Therefore we can look at complete difference between right in a criterion of person, who relies upon beleaf solely, and right in a criterion of person, who relies upon the rule of the universe, but at the same time they seems not to be different. For example when a poisonous snake is aproching a sleeping baby, in the case of pratyeka-buddha might hesitate to kill the snake for a long time, but in the case of bodhisattva, he will kill the snake at once.
(22) The many kinds of right do not arise from causes and conditions and they do not vanish due to causes and conditions.
(Many kinds of right do not occur because of causes and circumstances, and the many kinds of right do not disappear because of causes and circumstances.)
Right occurs only relying upon human action, and so it does not occur from causes and circumstances. Right disappears only relying upon stopping human action, and so right does never stop relying upon causes and circumstances.
(23) The many kinds of right are real dharmas, but real dharmas are not many kinds of right.
(Many kinds of right action is real fact in the Universe at the present moment, however, the whole Universe of the real world is different from right.)
Right at the present moment always belongs to the real Universe, but the whole Universe does not have any character of right, or wrong.
(24) Causes and conditions, arising and vanishing, and the many kinds of right are similar in that if they are correct at the beginning, they are correct at the end.
(When, causes and circumstances, arising and vanishing, and the many kinds of right, are true at the beginning, they are just true at the end.)
Causes and circumstances, arising and vanishing, and the many kinds of right, are all simple facts at the present moment, and so if causes and circumstances, arising and vanishing, and all kinds of right, are true at the beginning, they are all true throughout at the end. Because all kinds of facts at the present moment are inevitably true without fail.
(25) The many kinds of right are good doing but they are neither of the doer nor known by the doer, and they are neither of the other nor known by the other.
(The many kinds of right are real acts, but they are neither of the doer, nor known by the doer, and they are neither of the other, nor known by the other.)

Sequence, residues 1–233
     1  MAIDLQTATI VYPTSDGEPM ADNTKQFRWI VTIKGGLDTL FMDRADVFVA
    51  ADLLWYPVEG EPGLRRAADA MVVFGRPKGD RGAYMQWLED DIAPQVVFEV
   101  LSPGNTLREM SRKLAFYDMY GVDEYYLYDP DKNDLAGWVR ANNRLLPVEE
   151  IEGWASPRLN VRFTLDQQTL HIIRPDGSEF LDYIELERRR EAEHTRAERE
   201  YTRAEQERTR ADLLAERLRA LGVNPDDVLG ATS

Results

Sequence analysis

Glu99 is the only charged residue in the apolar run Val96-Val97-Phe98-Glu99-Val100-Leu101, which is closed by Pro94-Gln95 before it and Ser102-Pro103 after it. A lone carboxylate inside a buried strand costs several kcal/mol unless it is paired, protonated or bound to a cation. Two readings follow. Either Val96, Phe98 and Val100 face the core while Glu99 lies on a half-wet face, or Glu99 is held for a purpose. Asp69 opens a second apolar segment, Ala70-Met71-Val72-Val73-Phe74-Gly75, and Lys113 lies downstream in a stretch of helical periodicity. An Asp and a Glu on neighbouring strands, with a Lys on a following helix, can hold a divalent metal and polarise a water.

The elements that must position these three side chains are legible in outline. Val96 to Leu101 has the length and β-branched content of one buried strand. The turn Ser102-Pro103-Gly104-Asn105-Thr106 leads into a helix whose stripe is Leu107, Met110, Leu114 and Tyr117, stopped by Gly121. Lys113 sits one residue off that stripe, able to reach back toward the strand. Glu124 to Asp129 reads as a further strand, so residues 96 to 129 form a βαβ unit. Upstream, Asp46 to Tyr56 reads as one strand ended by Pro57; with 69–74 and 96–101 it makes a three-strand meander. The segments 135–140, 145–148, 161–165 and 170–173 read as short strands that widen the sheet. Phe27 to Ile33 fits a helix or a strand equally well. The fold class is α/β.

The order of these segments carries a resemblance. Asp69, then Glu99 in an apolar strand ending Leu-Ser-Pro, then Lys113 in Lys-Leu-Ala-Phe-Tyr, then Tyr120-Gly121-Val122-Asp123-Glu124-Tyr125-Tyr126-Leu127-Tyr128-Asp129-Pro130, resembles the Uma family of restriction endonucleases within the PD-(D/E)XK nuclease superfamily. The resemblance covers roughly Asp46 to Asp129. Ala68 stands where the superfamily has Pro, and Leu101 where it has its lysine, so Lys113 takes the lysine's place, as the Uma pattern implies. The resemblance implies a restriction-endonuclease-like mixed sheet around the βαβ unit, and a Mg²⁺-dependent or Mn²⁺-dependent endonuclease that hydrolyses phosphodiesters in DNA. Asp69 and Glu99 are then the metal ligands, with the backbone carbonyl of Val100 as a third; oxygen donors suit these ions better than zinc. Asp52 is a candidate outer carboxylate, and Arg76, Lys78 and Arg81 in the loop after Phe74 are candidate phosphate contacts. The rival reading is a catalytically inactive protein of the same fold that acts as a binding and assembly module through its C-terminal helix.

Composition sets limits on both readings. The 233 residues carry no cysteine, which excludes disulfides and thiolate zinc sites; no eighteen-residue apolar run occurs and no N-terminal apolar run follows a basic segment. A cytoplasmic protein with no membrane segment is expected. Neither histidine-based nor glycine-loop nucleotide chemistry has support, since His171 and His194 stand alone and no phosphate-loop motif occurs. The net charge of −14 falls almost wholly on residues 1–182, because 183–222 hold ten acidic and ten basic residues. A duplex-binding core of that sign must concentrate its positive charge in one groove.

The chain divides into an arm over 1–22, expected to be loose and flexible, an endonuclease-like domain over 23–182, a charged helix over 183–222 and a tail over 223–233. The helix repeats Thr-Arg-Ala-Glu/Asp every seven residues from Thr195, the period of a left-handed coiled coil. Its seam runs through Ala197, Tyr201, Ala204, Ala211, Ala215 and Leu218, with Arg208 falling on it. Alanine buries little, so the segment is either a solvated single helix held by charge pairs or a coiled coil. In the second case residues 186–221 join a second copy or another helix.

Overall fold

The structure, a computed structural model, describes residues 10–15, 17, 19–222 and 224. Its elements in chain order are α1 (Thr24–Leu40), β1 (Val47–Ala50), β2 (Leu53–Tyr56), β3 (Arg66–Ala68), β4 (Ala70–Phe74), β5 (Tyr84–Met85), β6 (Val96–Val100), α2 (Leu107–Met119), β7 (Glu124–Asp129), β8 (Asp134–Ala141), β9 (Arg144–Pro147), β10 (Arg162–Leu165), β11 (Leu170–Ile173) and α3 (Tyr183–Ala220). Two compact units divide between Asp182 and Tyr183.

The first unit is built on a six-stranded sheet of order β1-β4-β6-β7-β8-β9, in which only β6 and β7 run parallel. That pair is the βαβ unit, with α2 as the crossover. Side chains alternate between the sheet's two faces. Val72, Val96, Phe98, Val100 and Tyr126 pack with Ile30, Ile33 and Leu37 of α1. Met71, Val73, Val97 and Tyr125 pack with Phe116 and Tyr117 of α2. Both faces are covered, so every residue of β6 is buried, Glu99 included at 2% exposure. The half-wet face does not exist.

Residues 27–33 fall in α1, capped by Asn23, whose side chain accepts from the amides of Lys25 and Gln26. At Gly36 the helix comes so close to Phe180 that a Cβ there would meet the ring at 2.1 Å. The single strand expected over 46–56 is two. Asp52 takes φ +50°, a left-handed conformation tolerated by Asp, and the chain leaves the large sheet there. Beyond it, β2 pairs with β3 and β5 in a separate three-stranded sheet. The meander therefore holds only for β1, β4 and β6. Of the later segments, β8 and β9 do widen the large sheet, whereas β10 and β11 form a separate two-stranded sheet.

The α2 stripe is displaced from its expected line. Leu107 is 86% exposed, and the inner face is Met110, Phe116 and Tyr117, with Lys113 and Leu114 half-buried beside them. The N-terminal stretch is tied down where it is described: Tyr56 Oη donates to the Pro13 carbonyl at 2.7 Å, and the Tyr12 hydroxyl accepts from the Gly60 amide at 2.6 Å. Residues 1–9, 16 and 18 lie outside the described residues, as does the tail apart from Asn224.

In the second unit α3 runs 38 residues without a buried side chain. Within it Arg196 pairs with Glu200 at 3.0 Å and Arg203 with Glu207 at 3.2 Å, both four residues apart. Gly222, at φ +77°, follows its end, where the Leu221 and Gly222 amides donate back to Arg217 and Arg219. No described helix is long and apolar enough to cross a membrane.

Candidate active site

Many kinds of acts are real acts at the present moment, but those kinds of real acts are not known by doers themselves, and at the same time they are known by others. Because doers are doing their act sincerely at the present moment and so they do not have any time to recoginize their own act, and at the same time it is impossible for others to recognize the true situations of doers, because others can never become doer himself at all.
(26) As regards the knowing and the seeing of the self and of the other, in knowing there is the self and there is the other, and in seeing there is the self and there is the other, and thus individual vigorous eyes exist in the sun and in the moon. This state is good doing itself.
(As regards recognition and perception of the self and of others, in recognition there are the self and others, and in perception there are also the self and others. Therefore each vigorous concrete state exists really in a day and in a month, and such a kind of vigorous state is just the reverent action. And this state is just good doing.)
Because our human recognition and perception have their separation between the self and others, therefore we individually have our own actually vigorous view everyday, and every month, and such a situation itself is just the reverend action.
(27) At just this moment of good doing the realized Universe exists, but it is not the creation of the Universe, and it is not the eternal existence of the Universe. How much less could we call it original practice? Doing right is good doing, but it is not something that can be fathomed intellectually.
(Even though there is the realized Universe when the reverent action actually exists just at the present moment, it is not the newly occurance of the Universe, or the eternal existence of the Universe. Furthermore how is it possible for us to say that it is just the original action? Even though it is possible for us to interpret that it is just the reverent action of doing, but we should not fathom such a real facts with words.)